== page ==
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All too often I see programmers stumped trying to lay out the folder structure for their embedded C project.
My best advice is that folder structure is not the real problem. it is just one symptom of dependency problems. If we fix the underlying dependencies a pragmatic folder structure for your project will probably be obvious due to the design being sound.
On Modularity in general
Writing modular code is not nearly as easy as it sounds.
Trying it out for real we quickly discover that simply distributing bits of code across a number of files does not solve much of our problems. This is because modularity is about Architecture and Design and, as such, there is a lot more to it. To determine if we did a good job we need to first look at WHY. WHY exactly do we desire the code to be modular, or to be more specific - what exactly are we trying to achieve by making the code modular?
A lot can be said about modularity but to me, my goals are usually as follows:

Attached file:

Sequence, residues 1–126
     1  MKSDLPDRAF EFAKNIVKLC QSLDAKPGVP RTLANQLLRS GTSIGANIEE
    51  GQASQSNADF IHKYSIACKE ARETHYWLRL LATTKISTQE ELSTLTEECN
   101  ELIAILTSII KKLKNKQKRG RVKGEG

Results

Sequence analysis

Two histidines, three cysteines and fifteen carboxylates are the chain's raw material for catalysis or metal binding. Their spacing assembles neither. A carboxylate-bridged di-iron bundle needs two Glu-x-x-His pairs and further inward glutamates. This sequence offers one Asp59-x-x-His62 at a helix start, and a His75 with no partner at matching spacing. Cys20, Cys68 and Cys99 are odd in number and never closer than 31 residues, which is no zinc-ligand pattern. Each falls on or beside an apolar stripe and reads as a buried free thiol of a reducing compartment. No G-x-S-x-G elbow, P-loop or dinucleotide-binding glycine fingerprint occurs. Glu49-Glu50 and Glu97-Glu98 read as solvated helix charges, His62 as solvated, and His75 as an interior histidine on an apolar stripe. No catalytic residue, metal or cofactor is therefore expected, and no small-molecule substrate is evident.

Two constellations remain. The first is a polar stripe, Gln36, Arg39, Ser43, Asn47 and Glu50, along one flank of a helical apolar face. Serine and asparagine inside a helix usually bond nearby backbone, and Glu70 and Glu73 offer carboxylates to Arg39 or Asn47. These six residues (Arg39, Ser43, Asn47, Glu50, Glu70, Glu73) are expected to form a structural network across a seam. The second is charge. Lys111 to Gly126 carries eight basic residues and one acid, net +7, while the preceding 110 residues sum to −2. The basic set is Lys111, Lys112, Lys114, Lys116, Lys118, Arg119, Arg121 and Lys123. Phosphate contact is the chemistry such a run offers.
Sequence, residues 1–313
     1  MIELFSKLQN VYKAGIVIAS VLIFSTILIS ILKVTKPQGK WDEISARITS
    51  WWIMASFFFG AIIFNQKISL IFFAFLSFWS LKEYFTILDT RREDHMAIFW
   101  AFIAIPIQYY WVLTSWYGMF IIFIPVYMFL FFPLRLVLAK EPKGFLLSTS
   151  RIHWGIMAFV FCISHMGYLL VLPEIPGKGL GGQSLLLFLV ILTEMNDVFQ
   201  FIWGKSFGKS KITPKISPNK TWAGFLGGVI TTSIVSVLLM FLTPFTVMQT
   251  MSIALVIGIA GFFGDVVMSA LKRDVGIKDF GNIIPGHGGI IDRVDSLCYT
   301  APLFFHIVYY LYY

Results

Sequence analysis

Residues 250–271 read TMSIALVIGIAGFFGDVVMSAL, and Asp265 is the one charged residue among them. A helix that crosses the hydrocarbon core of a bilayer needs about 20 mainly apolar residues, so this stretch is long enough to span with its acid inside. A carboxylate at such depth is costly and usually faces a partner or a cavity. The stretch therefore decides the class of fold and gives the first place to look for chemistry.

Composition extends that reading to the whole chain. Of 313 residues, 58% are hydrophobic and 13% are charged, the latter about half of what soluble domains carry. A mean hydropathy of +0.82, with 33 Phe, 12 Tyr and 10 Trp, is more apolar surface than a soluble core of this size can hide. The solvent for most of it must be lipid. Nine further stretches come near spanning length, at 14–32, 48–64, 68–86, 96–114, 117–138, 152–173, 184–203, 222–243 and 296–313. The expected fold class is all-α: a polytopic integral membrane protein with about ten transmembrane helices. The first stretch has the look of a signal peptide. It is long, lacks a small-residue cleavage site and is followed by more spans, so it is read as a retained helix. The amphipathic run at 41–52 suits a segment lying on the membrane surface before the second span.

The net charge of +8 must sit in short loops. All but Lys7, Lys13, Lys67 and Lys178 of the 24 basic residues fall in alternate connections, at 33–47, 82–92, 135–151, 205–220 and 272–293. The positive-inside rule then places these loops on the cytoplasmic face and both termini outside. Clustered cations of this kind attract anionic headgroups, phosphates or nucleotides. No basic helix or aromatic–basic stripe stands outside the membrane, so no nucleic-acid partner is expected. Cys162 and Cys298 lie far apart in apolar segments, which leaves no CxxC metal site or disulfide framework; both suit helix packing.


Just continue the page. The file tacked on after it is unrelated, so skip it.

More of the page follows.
- Reduce working set complexity through divide and conquer.
- Avoid duplication by re-using code in multiple projects (mobility).
- Adam Smith-like division of labor.
When code is broken down into team-sized modules we can construct and maintain it more efficiently. Teams can have areas of specialization and everyone does not have to understand the entire problem in order to contribute.
In engineering, functional decomposition is a process of breaking a complex system into a number of smaller subsystems with clear distinguishable functions (responsibilities). The purpose of doing this is to apply the divide and conquer strategy to a complex problem. This is also often called Separation of Concerns.